Normally a man might not be too happy to be thinking very much of being alone on the day that should have marked his 25th Anniversary with his wife, but the reality of existence is that sometimes, as Billy Joel hath taught us, we are (sometimes) bold enough to say:
First they tell you you can’t sleep alone in your own place,
then they’ll tell you you can’t sleep with somebody else.
Aw, but sooner or later you sleep in your own space
either way its ok you wake up with yourself.
I don’t need you to worry for me cause I’m alright
I don’t want you to tell me it’s time to come home
I dont care what you say anymore this is my life
go ahead with your own life leave me alone…..
That was the space I found myself in tonight, 25 years after I began the longest-lived romance of my life among the ruins of Chichén Itzá, Yucatán, at a time when my girl (Elena) and I had the place to ourself all night long. I celebrated in part by driving down Sunset Boulevard after midnight as we used to do together. I was gratified to see that even in Los Angeles, for sometime after midnight I had about 22 minutes alone on that fabled road, basically from just past the construction interchange at the 405 to just before the PCH. It was just me and the cool night air and the moonlight. Not a single other car. I drove slow. I savored.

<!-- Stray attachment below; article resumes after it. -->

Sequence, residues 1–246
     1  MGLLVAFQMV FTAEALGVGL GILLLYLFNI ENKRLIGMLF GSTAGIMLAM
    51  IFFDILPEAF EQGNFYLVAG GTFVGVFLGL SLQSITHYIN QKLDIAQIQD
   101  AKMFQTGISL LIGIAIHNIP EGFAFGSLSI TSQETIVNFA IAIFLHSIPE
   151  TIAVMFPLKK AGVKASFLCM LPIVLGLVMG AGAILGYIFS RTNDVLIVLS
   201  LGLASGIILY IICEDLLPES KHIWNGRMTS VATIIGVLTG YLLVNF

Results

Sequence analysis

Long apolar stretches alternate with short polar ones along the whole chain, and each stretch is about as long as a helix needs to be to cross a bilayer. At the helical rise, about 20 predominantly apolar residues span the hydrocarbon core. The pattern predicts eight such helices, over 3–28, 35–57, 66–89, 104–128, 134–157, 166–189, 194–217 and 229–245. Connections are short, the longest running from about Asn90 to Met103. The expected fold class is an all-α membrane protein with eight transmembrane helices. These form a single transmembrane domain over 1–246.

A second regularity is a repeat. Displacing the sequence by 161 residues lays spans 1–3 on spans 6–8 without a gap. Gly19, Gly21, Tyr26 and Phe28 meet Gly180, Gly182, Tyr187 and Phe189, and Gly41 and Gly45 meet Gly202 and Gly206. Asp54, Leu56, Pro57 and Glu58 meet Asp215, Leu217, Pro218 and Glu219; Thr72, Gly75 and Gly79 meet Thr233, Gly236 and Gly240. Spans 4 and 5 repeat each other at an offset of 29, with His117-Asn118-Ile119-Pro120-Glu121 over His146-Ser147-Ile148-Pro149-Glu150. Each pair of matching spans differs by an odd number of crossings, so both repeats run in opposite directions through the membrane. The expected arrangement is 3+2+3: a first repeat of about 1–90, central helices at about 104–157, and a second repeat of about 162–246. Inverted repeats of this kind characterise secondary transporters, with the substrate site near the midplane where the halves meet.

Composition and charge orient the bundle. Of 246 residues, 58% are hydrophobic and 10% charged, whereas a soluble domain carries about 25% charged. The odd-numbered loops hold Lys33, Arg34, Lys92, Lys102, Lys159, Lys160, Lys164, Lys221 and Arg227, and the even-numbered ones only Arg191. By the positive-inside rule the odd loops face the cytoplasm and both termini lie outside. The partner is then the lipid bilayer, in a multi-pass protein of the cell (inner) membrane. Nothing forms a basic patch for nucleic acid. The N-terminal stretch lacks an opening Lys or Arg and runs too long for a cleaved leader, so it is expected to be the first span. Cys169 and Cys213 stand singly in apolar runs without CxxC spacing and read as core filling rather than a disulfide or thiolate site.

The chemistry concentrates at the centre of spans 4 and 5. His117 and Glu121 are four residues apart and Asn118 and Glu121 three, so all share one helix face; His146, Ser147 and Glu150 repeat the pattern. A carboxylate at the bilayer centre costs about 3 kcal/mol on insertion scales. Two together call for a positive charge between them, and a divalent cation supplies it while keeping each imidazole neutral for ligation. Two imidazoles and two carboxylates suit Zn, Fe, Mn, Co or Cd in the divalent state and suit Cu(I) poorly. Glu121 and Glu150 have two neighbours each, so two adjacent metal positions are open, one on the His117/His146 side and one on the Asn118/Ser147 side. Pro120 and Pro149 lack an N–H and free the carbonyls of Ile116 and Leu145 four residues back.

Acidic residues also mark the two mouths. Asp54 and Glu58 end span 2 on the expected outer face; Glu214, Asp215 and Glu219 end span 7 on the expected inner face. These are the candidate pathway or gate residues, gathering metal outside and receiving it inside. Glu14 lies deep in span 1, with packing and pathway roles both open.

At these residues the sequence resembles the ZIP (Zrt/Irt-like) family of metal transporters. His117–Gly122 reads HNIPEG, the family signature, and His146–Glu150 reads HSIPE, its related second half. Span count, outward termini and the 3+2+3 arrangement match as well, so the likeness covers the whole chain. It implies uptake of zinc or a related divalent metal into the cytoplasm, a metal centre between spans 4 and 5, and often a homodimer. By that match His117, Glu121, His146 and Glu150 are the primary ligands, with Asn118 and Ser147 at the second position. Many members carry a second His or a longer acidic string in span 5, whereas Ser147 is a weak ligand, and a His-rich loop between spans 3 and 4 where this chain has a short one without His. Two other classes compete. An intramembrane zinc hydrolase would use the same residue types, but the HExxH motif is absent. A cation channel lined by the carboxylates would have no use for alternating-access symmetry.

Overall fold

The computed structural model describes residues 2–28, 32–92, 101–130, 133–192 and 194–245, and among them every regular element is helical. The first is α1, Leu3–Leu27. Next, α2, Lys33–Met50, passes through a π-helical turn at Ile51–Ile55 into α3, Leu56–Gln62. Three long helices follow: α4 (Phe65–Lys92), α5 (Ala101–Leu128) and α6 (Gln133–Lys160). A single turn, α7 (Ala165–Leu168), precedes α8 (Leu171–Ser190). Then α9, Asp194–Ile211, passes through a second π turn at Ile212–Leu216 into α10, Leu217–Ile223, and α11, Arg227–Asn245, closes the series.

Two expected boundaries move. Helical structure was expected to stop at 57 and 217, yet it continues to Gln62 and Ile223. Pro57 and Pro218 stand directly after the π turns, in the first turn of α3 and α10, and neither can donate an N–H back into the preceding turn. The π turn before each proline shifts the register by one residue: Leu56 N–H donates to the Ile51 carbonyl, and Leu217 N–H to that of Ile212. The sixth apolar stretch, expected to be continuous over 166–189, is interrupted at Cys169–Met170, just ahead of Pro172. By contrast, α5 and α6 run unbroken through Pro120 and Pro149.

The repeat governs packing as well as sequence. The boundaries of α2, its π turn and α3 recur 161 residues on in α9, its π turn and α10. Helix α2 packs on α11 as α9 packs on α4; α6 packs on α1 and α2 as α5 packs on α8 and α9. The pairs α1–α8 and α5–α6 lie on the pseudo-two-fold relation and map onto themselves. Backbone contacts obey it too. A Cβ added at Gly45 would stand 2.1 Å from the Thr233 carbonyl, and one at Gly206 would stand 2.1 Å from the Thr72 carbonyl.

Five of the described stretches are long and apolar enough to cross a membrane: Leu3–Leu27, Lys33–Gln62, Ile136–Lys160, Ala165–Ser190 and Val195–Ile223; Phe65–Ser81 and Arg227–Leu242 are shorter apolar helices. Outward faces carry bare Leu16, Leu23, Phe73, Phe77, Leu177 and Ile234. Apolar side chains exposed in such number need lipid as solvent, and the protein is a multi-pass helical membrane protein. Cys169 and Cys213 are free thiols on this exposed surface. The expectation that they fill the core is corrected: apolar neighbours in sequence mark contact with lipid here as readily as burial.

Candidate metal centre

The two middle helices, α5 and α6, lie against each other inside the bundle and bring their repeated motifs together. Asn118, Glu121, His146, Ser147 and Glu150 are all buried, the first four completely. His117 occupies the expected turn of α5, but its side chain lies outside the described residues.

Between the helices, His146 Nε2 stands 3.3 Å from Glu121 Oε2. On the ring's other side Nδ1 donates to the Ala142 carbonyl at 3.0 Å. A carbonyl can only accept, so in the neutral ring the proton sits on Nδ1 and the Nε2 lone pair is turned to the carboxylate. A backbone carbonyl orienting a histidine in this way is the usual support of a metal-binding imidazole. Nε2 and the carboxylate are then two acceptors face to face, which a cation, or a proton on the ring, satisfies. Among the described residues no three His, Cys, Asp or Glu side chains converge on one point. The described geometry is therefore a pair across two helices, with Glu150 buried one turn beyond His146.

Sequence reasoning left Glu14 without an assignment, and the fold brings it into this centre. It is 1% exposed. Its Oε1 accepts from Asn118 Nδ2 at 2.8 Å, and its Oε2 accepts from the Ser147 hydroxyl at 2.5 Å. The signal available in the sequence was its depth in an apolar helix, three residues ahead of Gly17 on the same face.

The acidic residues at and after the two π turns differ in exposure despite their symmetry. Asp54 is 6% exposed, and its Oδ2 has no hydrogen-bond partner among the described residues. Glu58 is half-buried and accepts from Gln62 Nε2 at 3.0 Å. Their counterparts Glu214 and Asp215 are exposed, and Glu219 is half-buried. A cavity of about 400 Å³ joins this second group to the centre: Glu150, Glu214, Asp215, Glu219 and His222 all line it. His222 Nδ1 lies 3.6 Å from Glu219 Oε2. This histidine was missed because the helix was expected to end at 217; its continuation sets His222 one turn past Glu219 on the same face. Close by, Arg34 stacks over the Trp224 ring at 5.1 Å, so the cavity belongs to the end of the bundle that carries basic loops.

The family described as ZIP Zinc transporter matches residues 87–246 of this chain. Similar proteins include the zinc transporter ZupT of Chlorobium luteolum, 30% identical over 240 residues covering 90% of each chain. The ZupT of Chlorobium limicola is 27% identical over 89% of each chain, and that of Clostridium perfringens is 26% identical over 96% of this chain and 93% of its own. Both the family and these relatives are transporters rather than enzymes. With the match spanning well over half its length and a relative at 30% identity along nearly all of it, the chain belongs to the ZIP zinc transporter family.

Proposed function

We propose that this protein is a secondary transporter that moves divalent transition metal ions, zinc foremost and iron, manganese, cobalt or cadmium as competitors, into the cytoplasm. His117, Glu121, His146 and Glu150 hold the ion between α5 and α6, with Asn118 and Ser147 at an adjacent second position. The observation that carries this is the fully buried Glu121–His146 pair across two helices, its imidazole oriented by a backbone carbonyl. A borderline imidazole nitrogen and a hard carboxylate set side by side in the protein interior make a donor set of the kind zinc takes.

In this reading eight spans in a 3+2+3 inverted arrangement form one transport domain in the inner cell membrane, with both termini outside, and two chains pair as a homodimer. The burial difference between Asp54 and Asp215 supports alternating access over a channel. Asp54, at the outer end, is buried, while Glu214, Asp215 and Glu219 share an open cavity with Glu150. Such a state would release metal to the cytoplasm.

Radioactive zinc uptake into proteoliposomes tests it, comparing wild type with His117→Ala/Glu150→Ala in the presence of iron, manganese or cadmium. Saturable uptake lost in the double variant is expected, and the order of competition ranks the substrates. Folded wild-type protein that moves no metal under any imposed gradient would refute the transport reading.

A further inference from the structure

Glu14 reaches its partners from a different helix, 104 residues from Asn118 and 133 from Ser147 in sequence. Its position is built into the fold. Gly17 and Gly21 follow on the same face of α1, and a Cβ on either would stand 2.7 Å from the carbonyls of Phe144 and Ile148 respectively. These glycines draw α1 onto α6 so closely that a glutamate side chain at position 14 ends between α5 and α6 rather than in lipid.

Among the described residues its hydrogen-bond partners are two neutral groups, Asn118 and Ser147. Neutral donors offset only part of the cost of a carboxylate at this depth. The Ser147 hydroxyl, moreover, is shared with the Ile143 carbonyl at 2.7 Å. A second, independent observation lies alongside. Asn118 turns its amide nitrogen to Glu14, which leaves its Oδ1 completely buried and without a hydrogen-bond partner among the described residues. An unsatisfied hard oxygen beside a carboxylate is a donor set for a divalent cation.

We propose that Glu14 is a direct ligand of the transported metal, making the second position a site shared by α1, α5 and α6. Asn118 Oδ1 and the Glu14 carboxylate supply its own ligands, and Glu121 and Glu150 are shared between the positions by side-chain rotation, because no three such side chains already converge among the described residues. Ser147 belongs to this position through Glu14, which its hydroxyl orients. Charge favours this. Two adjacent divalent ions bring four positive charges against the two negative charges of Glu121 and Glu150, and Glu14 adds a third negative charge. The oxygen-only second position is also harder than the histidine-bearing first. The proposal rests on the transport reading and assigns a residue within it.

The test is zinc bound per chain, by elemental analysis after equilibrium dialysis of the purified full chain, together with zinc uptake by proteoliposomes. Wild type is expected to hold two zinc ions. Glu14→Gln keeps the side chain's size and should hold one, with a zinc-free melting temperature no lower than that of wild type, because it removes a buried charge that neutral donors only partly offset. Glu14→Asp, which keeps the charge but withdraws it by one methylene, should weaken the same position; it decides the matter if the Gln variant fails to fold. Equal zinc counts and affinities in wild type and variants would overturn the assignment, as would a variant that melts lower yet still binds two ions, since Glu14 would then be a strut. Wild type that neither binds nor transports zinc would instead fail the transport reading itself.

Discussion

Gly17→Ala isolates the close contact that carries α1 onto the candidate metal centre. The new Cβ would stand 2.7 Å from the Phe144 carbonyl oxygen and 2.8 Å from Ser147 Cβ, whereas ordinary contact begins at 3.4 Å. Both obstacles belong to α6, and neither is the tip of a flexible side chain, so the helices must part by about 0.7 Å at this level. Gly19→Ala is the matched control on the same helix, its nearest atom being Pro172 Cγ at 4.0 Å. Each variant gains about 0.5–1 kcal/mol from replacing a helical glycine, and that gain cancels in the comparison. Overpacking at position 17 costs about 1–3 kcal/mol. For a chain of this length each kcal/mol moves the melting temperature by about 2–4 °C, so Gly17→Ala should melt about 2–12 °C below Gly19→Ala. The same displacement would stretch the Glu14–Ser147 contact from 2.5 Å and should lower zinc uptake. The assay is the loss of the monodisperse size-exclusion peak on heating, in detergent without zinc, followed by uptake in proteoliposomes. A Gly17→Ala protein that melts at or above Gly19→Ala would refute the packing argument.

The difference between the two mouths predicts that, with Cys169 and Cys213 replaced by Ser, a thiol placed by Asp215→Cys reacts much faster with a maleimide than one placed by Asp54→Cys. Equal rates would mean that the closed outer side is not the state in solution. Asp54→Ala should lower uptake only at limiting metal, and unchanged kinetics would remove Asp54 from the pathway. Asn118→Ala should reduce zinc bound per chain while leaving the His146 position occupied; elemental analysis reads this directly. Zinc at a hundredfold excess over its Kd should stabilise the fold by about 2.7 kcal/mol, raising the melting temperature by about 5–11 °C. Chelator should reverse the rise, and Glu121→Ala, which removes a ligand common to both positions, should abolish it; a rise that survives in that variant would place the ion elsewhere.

It was an appropriate day to savor aloneness. After my drive down Sunset I spent the next three hours by the beach—again, nearly the whole time alone, under a beautiful waxing moon and a still cool “Pacific” night. And I remembered the poem “Music and Moonlight” that my grandmother used to recite to my grandfather:
We are the music makers,
And we are the dreamers of dreams,
Wandering by lone sea-breakers,
And sitting by desolate streams;—
World-losers and world-forsakers,
On whom the pale moon gleams:
Yet we are the movers and shakers
Of the world for ever, it seems.